When I first got online, blogging didn't exist in any meaningful capacity, and social media was still a few years away. If people wanted to know who you were, they'd have to visit your website. Or, rather, your online home, where they could see a page about you. A homepage.
Starting in 2002, I decided it'd be nice to have my own corner of the web, and hopped onto GeoCities. I used the Java-based Yahoo! PageBuilder to put together a few crude sites:
I also had a few accounts over on FreeWebs (before it was renamed to just Webs). The first was Evil Village: Empire of Evil, which had stories and animations based around a city where the sky was always red, ruled by a warlock and his army of robots. Then, I co-ran a StarCraft fansite with a friend of mine during middle school. Lastly, during 9th grade, I made FilterTHIS, a list of proxy sites that hadn't (yet) been blocked by the content filter at my school.
During this time, I also had my first few domains. The first was a single-page site (hosted for 'free' (plastered with ads)) featuring whatever animation I'd just made. The second was basically an enhanced version of TLHTC. Then in 2004, I made a small site with some silly animations of logos firing lazers at each other and got it hosted on a subdomain.
Late in 2005, I made an account on SheezyArt, which was like DeviantArt for furries. It was a very fun hangout that allowed for much more customization on its profiles than DA. Fooling around with the layout on there was the first push that got the ball of web design knowledge rolling.
I'd joined the Glock Group forum, and was granted a 'dorm' - a folder to upload whatever I'd like to. I picked up a clan website template from TheDesignWorld and used it, but it was a bit restrictive. So, during summer break, I decided to actually try learning HTML, and forge my pages by hand. Because only tools need to use tools! /s
The first site I whipped up was the Brain Leech Archive, a retelling of a fictional competition between snack companies created by me and my associates in math class. It also had a personal site where I posted other stories and games I was attempting to make. Because I couldn't wrap my mind around how <div> works, it was a mess of nested <table>s.
My next domain was LollerCupcake Industries, which used another clan template, but I did use it to experiment with PHP to inject content into a single layout file. After that, I started Impure Creation, which did have its own original layouts.. after I was eventually able to decide on one, a full year after registering the domain.
And then I kind of disappeared off the face of the web for a while. But I was not idle. During my long silence, I was gathering fantastic ideas and inspiration from places like tgchan and the MSPA forums. My skills were also being honed, designing a variety of sites that would be created, but never put online.
Having had the importance of web standards instilled in me, I'd decided to make my sites be valid HTML 4.01 Strict whenever possible. I also grew concerned enough about the influence of copyright-obsessed corporations on governments for most of the sites I made during this era to feature fake seizure pages.
It went through a few name changes, but the majority of my free time over the next few years was spent working on my personal omni-archive.. That and RPing on Tumblr as FNAF OCs. Both were quite fun. I also found Neocities and knew I had to have a site on here, but had no idea what it should be.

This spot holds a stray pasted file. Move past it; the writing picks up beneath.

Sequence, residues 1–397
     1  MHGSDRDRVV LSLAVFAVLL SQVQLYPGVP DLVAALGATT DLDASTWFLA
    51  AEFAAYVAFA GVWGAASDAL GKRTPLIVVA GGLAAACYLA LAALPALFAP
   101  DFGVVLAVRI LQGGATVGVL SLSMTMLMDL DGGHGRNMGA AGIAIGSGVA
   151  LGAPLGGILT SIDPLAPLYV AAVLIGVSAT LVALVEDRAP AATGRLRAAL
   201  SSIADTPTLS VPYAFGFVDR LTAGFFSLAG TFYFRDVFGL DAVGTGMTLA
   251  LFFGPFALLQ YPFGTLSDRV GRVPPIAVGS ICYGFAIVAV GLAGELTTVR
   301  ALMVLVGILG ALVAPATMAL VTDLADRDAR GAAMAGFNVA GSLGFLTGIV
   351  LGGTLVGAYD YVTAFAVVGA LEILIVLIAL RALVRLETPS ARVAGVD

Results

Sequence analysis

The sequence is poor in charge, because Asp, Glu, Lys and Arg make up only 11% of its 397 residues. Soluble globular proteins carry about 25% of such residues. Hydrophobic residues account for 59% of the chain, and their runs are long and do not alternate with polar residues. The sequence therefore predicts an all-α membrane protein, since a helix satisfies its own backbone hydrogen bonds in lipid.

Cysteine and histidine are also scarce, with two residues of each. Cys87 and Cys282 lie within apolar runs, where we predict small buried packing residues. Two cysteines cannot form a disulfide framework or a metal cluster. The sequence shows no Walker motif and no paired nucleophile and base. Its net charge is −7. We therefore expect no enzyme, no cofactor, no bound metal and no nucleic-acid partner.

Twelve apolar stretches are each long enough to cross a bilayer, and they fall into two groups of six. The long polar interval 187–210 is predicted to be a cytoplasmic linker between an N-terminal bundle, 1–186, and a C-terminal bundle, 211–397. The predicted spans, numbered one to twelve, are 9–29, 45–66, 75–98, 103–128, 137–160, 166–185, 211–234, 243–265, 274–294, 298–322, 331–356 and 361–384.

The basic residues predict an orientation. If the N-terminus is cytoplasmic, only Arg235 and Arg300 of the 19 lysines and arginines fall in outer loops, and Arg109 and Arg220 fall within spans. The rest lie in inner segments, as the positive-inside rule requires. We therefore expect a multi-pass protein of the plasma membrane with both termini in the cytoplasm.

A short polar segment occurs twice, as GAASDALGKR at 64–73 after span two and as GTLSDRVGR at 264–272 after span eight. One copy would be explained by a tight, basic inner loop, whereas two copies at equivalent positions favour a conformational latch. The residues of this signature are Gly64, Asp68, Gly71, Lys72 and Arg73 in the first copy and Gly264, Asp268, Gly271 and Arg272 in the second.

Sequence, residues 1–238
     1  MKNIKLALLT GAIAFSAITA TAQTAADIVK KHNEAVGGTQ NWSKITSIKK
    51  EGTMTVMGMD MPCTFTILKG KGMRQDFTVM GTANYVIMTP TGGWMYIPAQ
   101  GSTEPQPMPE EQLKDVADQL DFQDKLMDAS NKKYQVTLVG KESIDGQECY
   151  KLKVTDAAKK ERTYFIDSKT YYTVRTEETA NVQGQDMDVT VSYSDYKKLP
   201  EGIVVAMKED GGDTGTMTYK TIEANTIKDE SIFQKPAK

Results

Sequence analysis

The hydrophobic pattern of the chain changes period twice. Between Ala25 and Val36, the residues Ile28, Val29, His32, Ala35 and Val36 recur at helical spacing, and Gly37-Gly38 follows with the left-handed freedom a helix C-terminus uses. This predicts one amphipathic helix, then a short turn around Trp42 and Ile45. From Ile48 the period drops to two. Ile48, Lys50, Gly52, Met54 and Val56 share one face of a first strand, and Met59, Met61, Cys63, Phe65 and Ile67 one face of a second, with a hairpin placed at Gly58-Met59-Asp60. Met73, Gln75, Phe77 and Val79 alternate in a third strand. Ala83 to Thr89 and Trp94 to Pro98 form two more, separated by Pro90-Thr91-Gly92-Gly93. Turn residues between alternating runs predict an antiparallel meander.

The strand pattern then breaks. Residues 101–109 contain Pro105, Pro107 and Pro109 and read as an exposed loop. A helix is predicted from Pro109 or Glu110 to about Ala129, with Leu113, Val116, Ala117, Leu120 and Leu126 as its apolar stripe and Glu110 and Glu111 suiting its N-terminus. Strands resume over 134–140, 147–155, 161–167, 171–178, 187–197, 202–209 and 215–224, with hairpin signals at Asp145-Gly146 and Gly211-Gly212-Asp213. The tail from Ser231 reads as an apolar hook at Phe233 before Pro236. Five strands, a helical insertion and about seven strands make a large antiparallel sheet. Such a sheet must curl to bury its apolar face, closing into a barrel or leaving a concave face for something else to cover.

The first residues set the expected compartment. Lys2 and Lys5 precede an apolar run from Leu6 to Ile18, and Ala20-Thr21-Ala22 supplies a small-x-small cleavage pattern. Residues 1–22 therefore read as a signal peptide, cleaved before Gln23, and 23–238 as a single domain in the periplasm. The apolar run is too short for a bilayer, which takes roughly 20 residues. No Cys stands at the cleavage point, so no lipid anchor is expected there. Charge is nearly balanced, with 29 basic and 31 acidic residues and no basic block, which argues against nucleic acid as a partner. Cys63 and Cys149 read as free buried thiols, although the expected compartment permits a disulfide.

A stronger muse for the Tumblogs and a shifting vision for the domain made it difficult to complete. From PHP, to SSI, to static HTML, it took quite a while to figure out how to present this project. Because I wasn't sure what I could put on my Neocities site, it seemed easier to move over anything meant to be frequently updated, leaving the evergreen content on the domain. I also had ambitions of hosting some type of tilde.box that gradually.. well, not quite faded, but transformed into something else.
So, I had a site from 2014 that had a section punched out and formed into a separate 2016 website. Rather than slap on a 2018 coat of paint, It seemed like it'd be easier to start from the beginning, now that I had a better idea of what I was trying to achieve.
At this point, I decided to make my web projects with whatever HTML/CSS would have existed at a given point in time; my 'modern' sites would aim for compatibility with 2011's web browsers, 'classic' sites would target the IEs and Netscapes of 2001, and a barebones 'retro' version would cover Gopher support for 1991 compatibility.
Why? Both for the challenge of it, and because I think legacy matters. Unfortunately, having a plan and executing it are two different things. I often say that I left up my April Fools page year-round because the world is a joke, but the reality is I just lacked motivation to create anything.
I did manage to put together a half-finished auxiliary homepage for NeoZones, as well as create the initial redesign for Bytemoth's Brook, but it wouldn't be until 2020 that I actually managed to do anything with it.
With the help of htp, giving my pages a consistent layout is now much easier, and changing it if I should need to will also be simpler. The Brook was re-redesigned with super advanced CSS-only navigation tabs, implemented from experience making bytemoth.rocks. This site's been closer to a drip-feed than the stream I wanted it to be, but I believe my mood is improving, and I should be able to do more soon.
After finishing the rest of the planned pages for the Brook and MothZone, I intend to focus on CD5K.net. In addition to modern (HTML5/CSS3) and classic (HTML 3.2) versions of the site, I'm also working on having modern (Fediverse/Discord) and classic (web forums/BBS) community hangouts.
Watch this space for further developments™.